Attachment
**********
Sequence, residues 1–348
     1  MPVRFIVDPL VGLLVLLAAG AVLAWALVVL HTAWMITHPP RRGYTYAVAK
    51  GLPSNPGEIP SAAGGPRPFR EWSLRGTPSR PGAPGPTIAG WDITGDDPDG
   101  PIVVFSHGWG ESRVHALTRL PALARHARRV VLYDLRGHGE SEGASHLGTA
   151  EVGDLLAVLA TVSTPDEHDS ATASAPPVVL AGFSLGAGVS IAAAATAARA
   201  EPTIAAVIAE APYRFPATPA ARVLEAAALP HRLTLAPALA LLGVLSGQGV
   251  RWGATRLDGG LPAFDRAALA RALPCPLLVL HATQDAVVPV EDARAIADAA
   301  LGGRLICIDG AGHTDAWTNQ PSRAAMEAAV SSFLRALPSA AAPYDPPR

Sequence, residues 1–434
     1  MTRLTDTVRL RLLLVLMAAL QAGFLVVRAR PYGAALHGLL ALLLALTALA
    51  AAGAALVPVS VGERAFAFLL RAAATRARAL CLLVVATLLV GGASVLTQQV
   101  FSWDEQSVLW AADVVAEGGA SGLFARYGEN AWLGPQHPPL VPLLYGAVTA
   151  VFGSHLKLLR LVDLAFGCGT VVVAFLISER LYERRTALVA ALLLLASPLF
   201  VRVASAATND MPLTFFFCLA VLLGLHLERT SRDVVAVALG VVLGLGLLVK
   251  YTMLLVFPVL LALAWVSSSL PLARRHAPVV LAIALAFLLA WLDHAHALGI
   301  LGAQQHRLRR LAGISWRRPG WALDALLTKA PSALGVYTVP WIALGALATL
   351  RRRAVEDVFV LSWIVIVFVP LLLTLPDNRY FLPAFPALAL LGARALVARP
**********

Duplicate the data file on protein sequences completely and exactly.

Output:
Sequence, residues 1–348
     1  MPVRFIVDPL VGLLVLLAAG AVLAWALVVL HTAWMITHPP RRGYTYAVAK
    51  GLPSNPGEIP SAAGGPRPFR EWSLRGTPSR PGAPGPTIAG WDITGDDPDG
   101  PIVVFSHGWG ESRVHALTRL PALARHARRV VLYDLRGHGE SEGASHLGTA
   151  EVGDLLAVLA TVSTPDEHDS ATASAPPVVL AGFSLGAGVS IAAAATAARA
   201  EPTIAAVIAE APYRFPATPA ARVLEAAALP HRLTLAPALA LLGVLSGQGV
   251  RWGATRLDGG LPAFDRAALA RALPCPLLVL HATQDAVVPV EDARAIADAA
   301  LGGRLICIDG AGHTDAWTNQ PSRAAMEAAV SSFLRALPSA AAPYDPPR

Sequence, residues 1–434
     1  MTRLTDTVRL RLLLVLMAAL QAGFLVVRAR PYGAALHGLL ALLLALTALA
    51  AAGAALVPVS VGERAFAFLL RAAATRARAL CLLVVATLLV GGASVLTQQV
   101  FSWDEQSVLW AADVVAEGGA SGLFARYGEN AWLGPQHPPL VPLLYGAVTA
   151  VFGSHLKLLR LVDLAFGCGT VVVAFLISER LYERRTALVA ALLLLASPLF
   201  VRVASAATND MPLTFFFCLA VLLGLHLERT SRDVVAVALG VVLGLGLLVK
   251  YTMLLVFPVL LALAWVSSSL PLARRHAPVV LAIALAFLLA WLDHAHALGI
   301  LGAQQHRLRR LAGISWRRPG WALDALLTKA PSALGVYTVP WIALGALATL
   351  RRRAVEDVFV LSWIVIVFVP LLLTLPDNRY FLPAFPALAL LGARALVARP